Consumer Group Files Suit Against Sweetener For Claiming It's 'Essential' | WAMU 88.5 - American University Radio

NPR : News

Filed Under:

Consumer Group Files Suit Against Sweetener For Claiming It's 'Essential'

Ok guys, reality check here: Nutella is not really a health food, POM Wonderful may be wonderful, but it doesn't necessarily prevent heart disease and... eating Splenda Essentials doesn't single-handedly make the pounds drop off.

But some people could be led to believe that it does. At least that's the contention of a class action lawsuit filed against Splenda Essentials, an artificial no-calorie sweetener, on Thursday by the Center for Science in the Public Interest.

The group is representing three consumers in California who say they're being misled.

For example? Well, depending on which "Essential" you think is most essential, the website claims that using Splenda's B-vitamin-, fiber- or antioxidant-enriched powder, you can "make everything you sweeten a little better for you."

But "fortifying an artificial sweetener with vitamins or fiber doesn't make it 'essential' for health," says CSPI in their press release about the lawsuit. The group says the label falsely implies you can lose weight or avoid disease by using the product.

Johnson & Johnson, which owns the Splenda brand, tells The Salt it doesn't comment on litigation.

Ultimately, the U.S. District Court in Northern California, where the case was filed, will decide. Why there? The state has particularly strong consumer protection laws.

With everyone, it seems, turning into a picky eater, it makes sense that food manufacturers push the envelope to tout the benefits of consuming their products. What's the deal, though, with making health claims when marketing food?

It's up to the Food and Drug Administration to oversee food labels, but food advertising regulation is shepherded by the Federal Trade Commission. What you can or can't say about a product in a health claim relies on whether there's scientific evidence to back it up.

"Exactly what you'll need will depend on the claims you're making," writes the FTC on their Bureau of Consumer Protection site, "but newspaper articles, letters from satisfied customers or other non-scientific material won't be sufficient."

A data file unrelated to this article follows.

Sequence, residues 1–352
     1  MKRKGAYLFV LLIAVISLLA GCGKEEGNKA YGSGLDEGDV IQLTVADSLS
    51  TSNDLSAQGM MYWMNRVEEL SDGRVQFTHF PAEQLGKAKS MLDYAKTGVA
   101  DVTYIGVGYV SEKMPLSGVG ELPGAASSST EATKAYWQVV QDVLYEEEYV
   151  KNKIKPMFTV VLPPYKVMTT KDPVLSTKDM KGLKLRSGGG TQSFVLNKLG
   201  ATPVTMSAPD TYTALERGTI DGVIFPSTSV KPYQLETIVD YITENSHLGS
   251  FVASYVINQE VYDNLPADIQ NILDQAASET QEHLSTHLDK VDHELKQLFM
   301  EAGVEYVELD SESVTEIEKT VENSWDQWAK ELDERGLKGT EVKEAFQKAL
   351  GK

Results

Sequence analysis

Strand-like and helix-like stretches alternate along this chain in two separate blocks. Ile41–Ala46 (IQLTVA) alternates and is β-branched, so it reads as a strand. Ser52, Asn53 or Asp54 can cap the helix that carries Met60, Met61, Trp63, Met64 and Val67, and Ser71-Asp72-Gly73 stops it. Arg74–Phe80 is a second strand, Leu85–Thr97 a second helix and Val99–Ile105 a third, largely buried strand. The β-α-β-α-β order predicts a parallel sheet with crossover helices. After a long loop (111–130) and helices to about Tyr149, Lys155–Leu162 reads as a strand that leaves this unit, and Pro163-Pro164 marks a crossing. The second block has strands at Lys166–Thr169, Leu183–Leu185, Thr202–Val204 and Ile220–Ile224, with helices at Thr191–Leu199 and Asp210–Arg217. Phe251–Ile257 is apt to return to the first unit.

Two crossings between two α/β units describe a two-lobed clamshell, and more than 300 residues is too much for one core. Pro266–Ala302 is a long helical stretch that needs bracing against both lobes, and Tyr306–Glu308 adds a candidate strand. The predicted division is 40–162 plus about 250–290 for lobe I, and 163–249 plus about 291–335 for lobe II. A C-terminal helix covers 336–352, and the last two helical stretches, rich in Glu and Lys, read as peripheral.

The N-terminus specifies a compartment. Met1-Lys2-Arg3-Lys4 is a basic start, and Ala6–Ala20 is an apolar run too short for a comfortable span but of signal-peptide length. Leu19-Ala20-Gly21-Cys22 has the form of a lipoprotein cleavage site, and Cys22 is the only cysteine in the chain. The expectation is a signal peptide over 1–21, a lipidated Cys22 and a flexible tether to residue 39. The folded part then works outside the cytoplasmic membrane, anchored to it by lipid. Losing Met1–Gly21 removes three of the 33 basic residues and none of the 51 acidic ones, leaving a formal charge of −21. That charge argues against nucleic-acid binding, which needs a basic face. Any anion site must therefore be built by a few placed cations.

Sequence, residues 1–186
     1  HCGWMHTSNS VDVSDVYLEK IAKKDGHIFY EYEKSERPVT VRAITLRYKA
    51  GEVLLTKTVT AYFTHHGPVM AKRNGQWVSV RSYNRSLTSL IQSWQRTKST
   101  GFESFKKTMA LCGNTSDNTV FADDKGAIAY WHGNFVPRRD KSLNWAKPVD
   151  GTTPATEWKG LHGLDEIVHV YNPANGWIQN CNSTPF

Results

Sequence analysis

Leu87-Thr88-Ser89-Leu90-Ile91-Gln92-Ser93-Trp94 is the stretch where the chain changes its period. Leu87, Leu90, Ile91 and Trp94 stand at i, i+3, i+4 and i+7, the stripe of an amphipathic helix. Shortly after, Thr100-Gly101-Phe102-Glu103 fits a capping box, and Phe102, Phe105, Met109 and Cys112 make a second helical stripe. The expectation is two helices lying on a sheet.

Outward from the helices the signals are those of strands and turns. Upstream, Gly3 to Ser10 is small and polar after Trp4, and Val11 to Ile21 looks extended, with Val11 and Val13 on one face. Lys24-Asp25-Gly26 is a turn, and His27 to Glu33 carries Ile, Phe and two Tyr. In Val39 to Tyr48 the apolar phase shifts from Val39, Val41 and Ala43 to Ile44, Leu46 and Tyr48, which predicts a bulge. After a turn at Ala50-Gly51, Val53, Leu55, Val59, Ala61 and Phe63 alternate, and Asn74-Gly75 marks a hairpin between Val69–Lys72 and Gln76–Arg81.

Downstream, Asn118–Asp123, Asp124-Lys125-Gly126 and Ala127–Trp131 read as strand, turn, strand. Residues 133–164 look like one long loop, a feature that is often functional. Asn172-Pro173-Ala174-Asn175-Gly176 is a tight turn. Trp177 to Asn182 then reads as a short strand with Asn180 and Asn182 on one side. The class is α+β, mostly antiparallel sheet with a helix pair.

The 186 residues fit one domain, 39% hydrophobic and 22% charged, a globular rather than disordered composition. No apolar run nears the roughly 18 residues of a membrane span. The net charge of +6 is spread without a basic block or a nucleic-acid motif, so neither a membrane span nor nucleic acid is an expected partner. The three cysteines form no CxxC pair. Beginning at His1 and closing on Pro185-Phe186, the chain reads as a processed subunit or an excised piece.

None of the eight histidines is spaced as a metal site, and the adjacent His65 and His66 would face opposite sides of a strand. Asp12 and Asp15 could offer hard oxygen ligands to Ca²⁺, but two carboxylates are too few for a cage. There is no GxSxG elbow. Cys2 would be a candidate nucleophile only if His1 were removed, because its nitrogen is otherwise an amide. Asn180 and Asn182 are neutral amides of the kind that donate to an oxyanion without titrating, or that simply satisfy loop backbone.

And a lot of claims don't pass official muster. Some, like a class action suit brought against Diamond Walnuts for touting the benefits of Omega 3 for heart health, get settled outside of court.

Why does the FTC have a hand in this stuff at all? They want the messages on food to be accurate, FTC Division of Advertising Practices Director Mary Engle tells The Salt, "because consumers most likely can't judge for themselves whether the food has the claimed benefit."

That's because health benefits often relate to conditions that take a long time to develop, she adds, and it's impossible to know objectively if something worked or didn't — imagine a medical study with a sample size of one.

Still, much like health conditions, it can take a while for the wheels of justice to turn. In the meantime, have a helping of skepticism before you get served humble pie.

Copyright 2012 National Public Radio. To see more, visit http://www.npr.org/.

WAMU 88.5

Second Annual Funk Parade To Take Over U Street

This weekend you can get funky on U Street with live music, a street festival and a parade, as tomorrow marks the second Funk Parade. Funk Parade organizers couldn't get a permit to march down U Street last year, but the crowd veered off V Street anyway to where co-founder Justin Rood always...
NPR

How Dangerous Is Powdered Alcohol?

Last month, the U.S. Alcohol and Tobacco Tax and Trade Bureau approved a powdered alcohol product, making both parents and lawmakers nervous. Some states have already banned powdered alcohol. NPR's Arun Rath speaks with Brent Roth of Wired, who made his own powdered concoction and put it to the test.
NPR

Obama Administration Forced To Defend Strategy Against ISIS In Iraq

On this Memorial Day, the Obama administration finds itself defending its foreign policy strategy in Iraq where the self-proclaimed Islamic State, also known as ISIS, has captured the city of Ramadi.
NPR

In California, Technology Makes "Droughtshaming" Easier Than Ever

As California's drought continues, social media and smart phone apps let just about anyone call out water waste, often very publicly.

Leave a Comment

Help keep the conversation civil. Please refer to our Terms of Use and Code of Conduct before posting your comments.